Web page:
A Trip to DC’s First ‘Restaurant Incubator’
Restaurant Review: Prequel

ELEANOR TOLF FOR THE HOYA At Prequel, chefs are given a chance to showcase their products before expanding to a restaurant of their own in a pop-up restaurant.

At Prequel, chefs are given a chance to showcase their products before expanding to a restaurant of their own in a pop-up restaurant.


It’s like eating in a real-life shark tank. No, not the aquarium full of vicious predators. I’m talking about that ABC show about entrepreneurship that has found an unexpected but loyal following throughout the country. Restaurants in big cities are always on a cycle, often opening up shop for only a couple of months and then going out of business. Prequel, a new eatery on F Street, N.W., is trying to change this. Located within a few blocks of Metro Center, Prequel is the first “restaurant-incubator” in the country. It provides both a physical and promotional venue for Washington’s hottest upcoming chefs to start cafes, restaurants and bars without taking a considerable financial risk. Pop-up restaurants are housed in the restaurant’s space for four to six months so that chefs can test their products before purchasing a storefront of their own. Restaurantgoers can review each chef’s food as well as donate to the chef’s enterprise on a crowdfunding platform called EquityEats. Both the waiters and restaurants’ owners often check in with the tables, asking for honest feedback on ambience, menu selections and general quality.

In the few months it has been open, Prequel has already proven its worth and effectiveness. Bluebird Bakery was one of its first pop-ups and hoped to raise $415,000. The bakery reached its goal within just four months. If you visit Prequel today, you’ll find three different food and drink options depending on the time of day, your age and your budget. Currently, the basement is a speak-easy style bar called Brick & Mortar. Open from 5 p.m. to 10:30 p.m. the establishment serves old-fashioned cocktails and curated wines, which are also available for order on all floors. The two-floor lobby is home to Fare Well Be Well from 8 a.m. to 4 p.m. and Honeysuckle, with the same hours as Brick & Mortar. Fare Well Be Well is a cafe created by the maker of Sticky Fingers Bakery, located in Columbia Heights. Sticky Fingers, an eatery focused solely on baked treats, has earned communal and critical acclaim, winning the TV competition “Cupcake Wars” on the Food Network twice with its delicious vegan cupcakes. The menus of both the café and the bakery are entirely free of animal products. Honeysuckle was created by the head chef of D.C.’s Vidalia, an already established and successful upscale restaurant.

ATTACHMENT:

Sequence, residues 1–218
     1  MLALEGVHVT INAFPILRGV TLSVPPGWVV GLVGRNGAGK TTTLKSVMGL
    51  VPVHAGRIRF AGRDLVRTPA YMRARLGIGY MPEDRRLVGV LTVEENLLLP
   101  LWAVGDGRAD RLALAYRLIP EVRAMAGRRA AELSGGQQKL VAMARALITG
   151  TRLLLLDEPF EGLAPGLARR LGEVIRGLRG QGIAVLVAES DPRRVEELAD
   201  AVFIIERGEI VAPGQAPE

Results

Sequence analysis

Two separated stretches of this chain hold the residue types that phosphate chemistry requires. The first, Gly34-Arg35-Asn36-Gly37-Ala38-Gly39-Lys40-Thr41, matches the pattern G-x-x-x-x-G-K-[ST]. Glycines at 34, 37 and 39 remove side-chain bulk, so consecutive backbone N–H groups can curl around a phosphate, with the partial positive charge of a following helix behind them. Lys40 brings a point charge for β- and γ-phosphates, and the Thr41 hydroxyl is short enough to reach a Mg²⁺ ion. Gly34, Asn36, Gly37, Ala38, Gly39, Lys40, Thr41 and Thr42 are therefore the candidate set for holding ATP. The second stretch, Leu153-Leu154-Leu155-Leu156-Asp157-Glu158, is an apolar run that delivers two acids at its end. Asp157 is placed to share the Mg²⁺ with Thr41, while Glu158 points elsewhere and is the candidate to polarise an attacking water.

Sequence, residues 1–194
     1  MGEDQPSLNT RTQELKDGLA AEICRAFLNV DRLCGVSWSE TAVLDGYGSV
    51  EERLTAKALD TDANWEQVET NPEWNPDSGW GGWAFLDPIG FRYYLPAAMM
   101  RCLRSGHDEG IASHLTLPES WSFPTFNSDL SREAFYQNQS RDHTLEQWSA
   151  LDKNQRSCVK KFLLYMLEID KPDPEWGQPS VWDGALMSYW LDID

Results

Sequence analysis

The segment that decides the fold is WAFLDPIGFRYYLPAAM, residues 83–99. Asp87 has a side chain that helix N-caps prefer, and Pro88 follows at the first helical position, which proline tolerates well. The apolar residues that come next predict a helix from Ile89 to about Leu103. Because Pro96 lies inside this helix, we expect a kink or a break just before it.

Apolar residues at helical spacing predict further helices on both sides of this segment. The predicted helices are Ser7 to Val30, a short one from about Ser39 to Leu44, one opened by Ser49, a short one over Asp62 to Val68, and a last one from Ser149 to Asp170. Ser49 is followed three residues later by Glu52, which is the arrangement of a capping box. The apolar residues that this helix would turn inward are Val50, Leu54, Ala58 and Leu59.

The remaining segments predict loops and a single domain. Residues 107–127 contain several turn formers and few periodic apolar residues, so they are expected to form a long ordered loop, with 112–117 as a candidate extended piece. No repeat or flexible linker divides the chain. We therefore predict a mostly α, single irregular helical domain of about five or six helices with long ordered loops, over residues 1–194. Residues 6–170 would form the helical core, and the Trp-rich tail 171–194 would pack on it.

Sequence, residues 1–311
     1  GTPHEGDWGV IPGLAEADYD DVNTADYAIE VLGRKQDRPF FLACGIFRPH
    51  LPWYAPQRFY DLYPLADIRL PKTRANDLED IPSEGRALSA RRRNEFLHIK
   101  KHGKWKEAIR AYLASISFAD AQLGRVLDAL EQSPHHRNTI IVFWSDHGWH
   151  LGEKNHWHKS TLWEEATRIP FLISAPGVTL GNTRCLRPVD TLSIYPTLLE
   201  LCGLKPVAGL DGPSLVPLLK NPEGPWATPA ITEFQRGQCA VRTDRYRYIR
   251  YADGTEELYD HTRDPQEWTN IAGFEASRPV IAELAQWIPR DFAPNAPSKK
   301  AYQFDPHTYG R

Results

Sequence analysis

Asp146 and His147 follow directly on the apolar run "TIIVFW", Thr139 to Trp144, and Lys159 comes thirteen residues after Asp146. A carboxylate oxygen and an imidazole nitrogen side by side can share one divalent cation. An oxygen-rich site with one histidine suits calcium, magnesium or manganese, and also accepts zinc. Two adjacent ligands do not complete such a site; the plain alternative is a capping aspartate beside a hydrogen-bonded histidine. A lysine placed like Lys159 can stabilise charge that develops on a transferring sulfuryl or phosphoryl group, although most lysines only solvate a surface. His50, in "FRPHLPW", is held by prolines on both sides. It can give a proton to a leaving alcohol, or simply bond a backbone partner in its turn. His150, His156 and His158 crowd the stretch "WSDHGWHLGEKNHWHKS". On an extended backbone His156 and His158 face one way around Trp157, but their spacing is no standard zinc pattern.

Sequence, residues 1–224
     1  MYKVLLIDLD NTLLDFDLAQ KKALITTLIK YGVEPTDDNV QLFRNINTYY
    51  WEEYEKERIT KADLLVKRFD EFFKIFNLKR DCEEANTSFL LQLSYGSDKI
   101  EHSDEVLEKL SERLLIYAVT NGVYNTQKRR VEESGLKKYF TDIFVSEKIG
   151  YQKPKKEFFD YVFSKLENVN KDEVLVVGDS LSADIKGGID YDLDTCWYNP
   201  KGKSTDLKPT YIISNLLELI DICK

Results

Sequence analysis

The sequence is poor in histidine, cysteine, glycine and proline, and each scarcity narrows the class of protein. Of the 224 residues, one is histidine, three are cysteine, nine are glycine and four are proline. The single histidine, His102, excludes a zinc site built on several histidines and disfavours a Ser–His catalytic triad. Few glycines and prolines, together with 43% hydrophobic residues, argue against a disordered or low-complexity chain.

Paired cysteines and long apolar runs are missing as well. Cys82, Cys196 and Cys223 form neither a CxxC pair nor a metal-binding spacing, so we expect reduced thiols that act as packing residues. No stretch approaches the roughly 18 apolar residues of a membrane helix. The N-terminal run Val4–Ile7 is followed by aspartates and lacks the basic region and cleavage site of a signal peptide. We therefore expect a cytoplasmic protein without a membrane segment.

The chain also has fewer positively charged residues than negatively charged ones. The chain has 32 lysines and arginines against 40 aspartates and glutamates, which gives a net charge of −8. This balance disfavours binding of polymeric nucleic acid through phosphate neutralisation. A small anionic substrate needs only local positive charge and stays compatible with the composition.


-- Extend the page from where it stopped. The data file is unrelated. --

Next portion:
During my 6:30 p.m. dinner at Honeysuckle with my mom on a Monday night, the space was fairly desertedIt seemed that everyone who came in either went directly downstairs or walked straight to the bar in the lobby’s corner. For the few of us eating, the menu at Honeysuckle was fairly diverse and unique, but it was hard to ignore that every entree was over $25 and appetizers cost between $15 and $20. To try to save my mom some money, I ordered the scallop appetizer and a side of stir-fried Brussel sprouts, which still totaled $27. The description of the $19 scallops said that they came with grits, corn and a butter sauce, so I was pretty surprised when there were two scallops on my plate with a tablespoon of buttery corn and grits drizzled around the edges. My mom, however, ordered the Monday-night special of fried chicken with “all the fix-ins” for $29 and was served a giant bowl of chicken with a buttermilk biscuit, a two-cup serving of baked macaroni and cheese, coleslaw and beer-battered collard greens. The price difference between our meals was only $2, but my mom received significantly larger portions. However, despite the arbitrary pricing, all of our food was delicious. It was obvious that a lot of thought had gone into each piece of the meal and the chef wanted to make sure there was something unique about each component. We both agreed that our favorite part was the smoked cheddar mac and cheese, topped with crispy cheddar chips. Sure, it took me a while to get over my initial bitterness at the tiny portions I was served, but in the end, we walked out satisfied and excited to come back to try the other unique combinations on the menu and attend the special events.

Prequel has created an innovative space for the growing revolution of pop-up restaurants to develop. The appealing part of this model is that your experience can and probably will be different each time. It’s worth going to Prequel to participate in D.C. culture and try something new, but make sure to coordinate the time you’re going with your intended budget. Are your parents visiting? Take them out to dinner at the trendy and pricey Honeysuckle. But if you are at all concerned with saving up for the holidays, stick to the casual cafe Fare Well Be Well. Your wallet will thank you.


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